“This means that, despite Mr. Martin Negron’s claims, APV correctly counted AV Homes’ votes based on the number of homes they can build on their undeveloped tracts of land,” APV said in the same statement. “That number is set by Osceola and Polk County land development records, not by APV. The Association of Poinciana Villages will continue to follow this directive in future elections unless told otherwise by the courts.”

Destremps and Jolly had legal issues with APV prior to the current lawsuit. In 2015, an injunction was filed that required the two men to repay $1.6 million taken from the HOA and placed into accounts that only they had access to. Most of the money was recovered.

While some budget line items such as lifestyle have seen increases, Destremps said others such as Public Works are depleted. Destremps said APV has 38 Public Works employees and of those, 10 are in management positions. During the spring, APV management told the Polk County Sheriff’s Office that its two vehicles for making debris hauls were out of commission after authorities inquired about Hurricane Irma debris build-up at a Public Works facility.

“They don’t have enough money to replace equipment,” Destremps said. “There’s something not right in Denmark. We need to get rid of this management company and let these homeowners run the place.”

David Heare, the assistant Scoutmaster for Boy Scout Troup 844, said his group of 15 children and teens was just informed that they would have to pay $500 per month to use the Mary Jane Arrington Gym for meetings. The organization has been meeting at the location for 90 minutes per week, free of charge for the last year.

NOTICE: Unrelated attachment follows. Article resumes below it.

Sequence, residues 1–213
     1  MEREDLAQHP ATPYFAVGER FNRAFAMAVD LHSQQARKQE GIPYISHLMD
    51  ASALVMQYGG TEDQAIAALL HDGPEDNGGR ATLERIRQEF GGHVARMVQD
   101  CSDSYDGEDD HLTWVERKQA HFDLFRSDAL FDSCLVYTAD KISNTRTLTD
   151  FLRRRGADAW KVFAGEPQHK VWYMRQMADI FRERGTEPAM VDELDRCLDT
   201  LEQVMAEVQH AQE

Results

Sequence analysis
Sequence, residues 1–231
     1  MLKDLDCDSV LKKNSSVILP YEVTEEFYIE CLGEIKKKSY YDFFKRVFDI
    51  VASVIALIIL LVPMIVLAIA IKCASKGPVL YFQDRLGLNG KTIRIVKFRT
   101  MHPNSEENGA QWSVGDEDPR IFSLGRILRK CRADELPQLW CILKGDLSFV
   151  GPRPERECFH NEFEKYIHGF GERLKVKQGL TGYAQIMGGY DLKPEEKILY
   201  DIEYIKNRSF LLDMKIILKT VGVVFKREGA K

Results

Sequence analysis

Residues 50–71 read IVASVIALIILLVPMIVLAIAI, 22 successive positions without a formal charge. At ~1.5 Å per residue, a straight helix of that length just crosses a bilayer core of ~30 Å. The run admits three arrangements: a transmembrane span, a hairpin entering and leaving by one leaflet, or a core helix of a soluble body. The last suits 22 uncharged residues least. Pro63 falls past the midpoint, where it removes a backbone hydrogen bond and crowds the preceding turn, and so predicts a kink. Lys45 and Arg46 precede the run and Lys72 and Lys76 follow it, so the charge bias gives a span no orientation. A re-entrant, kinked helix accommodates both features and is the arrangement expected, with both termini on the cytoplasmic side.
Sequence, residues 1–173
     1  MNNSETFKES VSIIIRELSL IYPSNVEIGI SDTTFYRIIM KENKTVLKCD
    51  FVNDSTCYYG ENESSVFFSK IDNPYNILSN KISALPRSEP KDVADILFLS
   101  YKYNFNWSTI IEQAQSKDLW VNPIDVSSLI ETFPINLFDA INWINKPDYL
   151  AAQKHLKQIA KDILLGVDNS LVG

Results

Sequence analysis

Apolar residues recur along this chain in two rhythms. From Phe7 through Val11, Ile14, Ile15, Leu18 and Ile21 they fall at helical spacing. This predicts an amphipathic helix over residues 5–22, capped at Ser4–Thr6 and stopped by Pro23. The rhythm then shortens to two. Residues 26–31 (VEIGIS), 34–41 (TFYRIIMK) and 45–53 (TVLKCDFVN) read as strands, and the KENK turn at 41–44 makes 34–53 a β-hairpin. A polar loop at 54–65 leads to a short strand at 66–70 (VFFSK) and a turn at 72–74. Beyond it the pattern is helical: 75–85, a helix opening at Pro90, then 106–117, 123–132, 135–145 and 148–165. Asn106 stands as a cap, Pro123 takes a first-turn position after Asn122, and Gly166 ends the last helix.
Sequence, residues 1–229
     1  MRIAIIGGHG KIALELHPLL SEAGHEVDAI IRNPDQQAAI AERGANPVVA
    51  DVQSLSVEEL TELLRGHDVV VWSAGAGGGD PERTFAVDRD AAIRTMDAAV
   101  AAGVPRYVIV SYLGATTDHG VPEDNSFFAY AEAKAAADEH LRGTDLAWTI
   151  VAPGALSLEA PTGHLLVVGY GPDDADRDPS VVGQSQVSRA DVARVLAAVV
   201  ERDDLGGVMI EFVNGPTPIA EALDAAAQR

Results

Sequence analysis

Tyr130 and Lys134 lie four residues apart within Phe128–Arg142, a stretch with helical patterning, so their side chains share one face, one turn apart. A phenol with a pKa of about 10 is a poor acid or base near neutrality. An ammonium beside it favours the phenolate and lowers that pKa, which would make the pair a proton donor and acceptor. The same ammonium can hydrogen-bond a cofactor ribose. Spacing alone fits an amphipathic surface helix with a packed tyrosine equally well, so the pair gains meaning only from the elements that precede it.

“We heard this decision was made by the master board in June,” Heare said. “Everyone has told me that the master board did not take that vote. I just thought it was a little weird. We’re a nonprofit organization. There’s no way we could afford that.”

Destremps said the board did approve a fee schedule, but didn’t think the Boy Scouts were part of that. As of 5 p.m. Friday, APV did not respond to inquiries about the fee increase or the Boy Scouts.

“There needs to be more transparency,” he said. “Anything we do in Village Five is always open. There has to be more of that on the master board.”

Destremps said the proposed budget for next year sits at about $10 million. In addition to hikes in lifestyle and inadequate staffing in public works, Destremps added that reserves continue to shrink, going from about $2 million on Jan. 1 to $1.2 million currently.

As far as the Boy Scouts go, Heare, a Poinciana resident himself, said all the children in the troop are local. The troop serves children from ages 11 to 16.

“We usually use one little meeting room, which is always empty,” Heare said. “I just love helping the kids and watching them grow. This is a slap in the face and I think it has something to do with the $1 million shortfall. We’re just trying to do some good in the neighborhood.”

Heare said the organization was told that there were grant opportunities in the amount of $1,500, but he noted that would only pay for three months of use at the facility. The organization, according to Heare, found out about it last week, but he said APV claims to have notified the troop months ago.

“They say they sent an email months ago that they can’t produce,” he said. “All the boys live right here. They’re wanting to charge Boy Scouts to use a facility that their parents fund anyway.”